Controlling local outbreaks
Flexibility is paramount as the pandemic evolves and as new datasets become available or new outcomes are desired. In addition to the complex nature of the data ecosystem, some of the datasets will be machine generated, which means very large amounts of data will need to be stored and processed for insights and analytics.
A highly sophisticated and specialised database is required to cope with these large and complex datasets, while maintaining rapid speed of response. The ability to fuse different data together and extract new insights can guide the design of new policies and guidelines.
This could eliminate the need for a nationwide lockdown, with the contact tracing app not only alerting individuals who have encountered someone who has tested positive for COVID-19, but informing people if hyper-localised cases have occurred in their neighbourhood or at their place of work. This would enable them to stay at home or avoid visiting public places to minimise exposure to any risks, ultimately lowering transmission rates further.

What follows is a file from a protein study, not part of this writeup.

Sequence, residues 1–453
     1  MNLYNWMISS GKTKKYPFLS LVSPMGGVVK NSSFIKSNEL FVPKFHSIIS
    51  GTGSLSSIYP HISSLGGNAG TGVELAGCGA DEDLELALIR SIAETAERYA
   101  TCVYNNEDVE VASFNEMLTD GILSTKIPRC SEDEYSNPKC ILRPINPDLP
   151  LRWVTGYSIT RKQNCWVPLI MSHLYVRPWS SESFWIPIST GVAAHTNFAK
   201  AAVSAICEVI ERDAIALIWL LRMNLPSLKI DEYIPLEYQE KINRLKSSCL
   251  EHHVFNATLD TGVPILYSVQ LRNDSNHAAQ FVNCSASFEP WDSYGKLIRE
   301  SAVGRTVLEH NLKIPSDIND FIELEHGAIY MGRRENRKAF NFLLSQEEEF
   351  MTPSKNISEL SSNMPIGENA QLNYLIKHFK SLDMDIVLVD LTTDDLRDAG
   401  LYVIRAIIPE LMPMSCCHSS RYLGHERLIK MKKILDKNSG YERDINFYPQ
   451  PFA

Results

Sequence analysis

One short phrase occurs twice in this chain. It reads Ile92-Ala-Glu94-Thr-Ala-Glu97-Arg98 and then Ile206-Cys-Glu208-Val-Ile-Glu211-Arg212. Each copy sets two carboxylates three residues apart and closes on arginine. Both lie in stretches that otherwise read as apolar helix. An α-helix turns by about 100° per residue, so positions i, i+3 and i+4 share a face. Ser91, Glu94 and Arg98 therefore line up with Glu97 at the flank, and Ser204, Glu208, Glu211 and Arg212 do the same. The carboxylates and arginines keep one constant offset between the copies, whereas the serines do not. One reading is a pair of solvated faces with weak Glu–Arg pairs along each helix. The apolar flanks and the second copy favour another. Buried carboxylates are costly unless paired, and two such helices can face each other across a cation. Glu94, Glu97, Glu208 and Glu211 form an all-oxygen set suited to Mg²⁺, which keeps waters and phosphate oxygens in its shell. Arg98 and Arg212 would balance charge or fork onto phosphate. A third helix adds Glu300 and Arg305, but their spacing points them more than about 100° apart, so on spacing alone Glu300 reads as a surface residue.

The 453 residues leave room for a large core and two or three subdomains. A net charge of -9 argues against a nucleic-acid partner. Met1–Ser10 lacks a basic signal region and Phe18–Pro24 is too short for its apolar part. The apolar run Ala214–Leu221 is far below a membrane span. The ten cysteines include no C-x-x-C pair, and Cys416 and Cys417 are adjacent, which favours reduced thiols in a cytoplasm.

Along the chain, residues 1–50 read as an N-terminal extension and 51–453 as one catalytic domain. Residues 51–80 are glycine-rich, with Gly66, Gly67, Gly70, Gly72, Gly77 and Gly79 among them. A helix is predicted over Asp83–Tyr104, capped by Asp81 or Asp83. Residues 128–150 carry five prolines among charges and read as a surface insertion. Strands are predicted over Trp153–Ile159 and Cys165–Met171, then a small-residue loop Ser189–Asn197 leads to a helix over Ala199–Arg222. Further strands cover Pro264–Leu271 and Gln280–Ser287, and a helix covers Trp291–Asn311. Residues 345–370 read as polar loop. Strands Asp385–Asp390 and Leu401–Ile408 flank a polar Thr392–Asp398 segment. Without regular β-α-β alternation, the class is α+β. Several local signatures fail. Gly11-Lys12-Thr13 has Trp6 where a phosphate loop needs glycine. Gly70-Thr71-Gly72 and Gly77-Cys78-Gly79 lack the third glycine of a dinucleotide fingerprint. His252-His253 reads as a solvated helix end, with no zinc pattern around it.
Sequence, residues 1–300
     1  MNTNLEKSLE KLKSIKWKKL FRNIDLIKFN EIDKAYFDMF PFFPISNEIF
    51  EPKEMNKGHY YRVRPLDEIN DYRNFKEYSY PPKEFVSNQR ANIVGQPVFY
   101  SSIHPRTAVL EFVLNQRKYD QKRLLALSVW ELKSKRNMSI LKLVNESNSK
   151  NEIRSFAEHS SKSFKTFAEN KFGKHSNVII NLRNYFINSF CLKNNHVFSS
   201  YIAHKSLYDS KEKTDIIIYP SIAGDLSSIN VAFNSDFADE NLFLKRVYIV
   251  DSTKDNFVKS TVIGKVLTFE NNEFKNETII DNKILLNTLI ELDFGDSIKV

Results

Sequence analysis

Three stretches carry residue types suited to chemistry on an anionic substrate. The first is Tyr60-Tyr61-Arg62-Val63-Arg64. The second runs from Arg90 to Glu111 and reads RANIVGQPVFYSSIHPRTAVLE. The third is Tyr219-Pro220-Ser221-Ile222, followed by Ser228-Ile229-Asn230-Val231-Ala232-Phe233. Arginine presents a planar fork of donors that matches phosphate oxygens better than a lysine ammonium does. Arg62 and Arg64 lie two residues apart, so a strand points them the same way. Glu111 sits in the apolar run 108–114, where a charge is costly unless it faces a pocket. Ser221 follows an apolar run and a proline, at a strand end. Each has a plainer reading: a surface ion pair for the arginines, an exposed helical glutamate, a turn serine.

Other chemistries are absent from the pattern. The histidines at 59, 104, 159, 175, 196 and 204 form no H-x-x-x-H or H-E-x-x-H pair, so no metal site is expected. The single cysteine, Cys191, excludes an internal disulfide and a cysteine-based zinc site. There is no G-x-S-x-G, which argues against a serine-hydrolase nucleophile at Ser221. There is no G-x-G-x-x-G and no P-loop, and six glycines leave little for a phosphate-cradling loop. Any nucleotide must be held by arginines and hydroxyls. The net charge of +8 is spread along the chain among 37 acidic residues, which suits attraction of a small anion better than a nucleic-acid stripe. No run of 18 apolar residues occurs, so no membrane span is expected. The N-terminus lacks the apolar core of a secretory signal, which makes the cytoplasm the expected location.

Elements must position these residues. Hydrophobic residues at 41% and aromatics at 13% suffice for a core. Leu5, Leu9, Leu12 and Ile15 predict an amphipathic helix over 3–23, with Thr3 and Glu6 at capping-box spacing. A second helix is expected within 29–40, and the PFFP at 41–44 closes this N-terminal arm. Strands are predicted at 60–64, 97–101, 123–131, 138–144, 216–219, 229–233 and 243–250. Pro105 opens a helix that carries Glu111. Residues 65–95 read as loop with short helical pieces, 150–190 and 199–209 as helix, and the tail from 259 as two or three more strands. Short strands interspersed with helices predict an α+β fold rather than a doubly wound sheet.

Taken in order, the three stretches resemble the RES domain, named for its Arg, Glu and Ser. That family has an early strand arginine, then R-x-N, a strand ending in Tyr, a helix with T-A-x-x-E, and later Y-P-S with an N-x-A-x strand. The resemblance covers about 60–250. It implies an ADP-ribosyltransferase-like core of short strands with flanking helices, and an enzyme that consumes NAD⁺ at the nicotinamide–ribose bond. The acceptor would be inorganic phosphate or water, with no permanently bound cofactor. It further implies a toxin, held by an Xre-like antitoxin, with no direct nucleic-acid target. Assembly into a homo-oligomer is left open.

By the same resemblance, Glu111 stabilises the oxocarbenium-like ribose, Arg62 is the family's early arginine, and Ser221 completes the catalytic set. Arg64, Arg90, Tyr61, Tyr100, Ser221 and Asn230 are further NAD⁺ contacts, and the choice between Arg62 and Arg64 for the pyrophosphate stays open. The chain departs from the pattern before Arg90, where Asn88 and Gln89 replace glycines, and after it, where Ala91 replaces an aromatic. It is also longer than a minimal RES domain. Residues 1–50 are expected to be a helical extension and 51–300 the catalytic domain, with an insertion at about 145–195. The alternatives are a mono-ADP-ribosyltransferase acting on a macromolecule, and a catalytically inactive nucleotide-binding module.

Crucially, the solution could also prevent healthcare services from becoming overwhelmed. Healthcare managers could be alerted at an early stage to any regional growth in infection rates, enabling them to shift medical staff and resources to where they are needed most. Frontline workers could be supplied with the right equipment in good time to keep them safe.
Moreover, any nationwide analytics could enable the government to identify virus hotspots and react proactively and appropriately by locking down a town or city as opposed to the whole country. This kind of data-driven decision making, along with real-time monitoring and management of physical world systems, is critical when it comes to improving real-world outcomes.
For transmission of the virus to be brought fully under control, speed is critical. A Bluetooth approach isn’t enough. Real-time understanding of how the virus is progressing is required to keep up with its spread, and insights must be available for quick and effective decision making. With globalisation increasing the likelihood we will face future pandemics, data-driven technology holds the key to navigating the uncertainty ahead.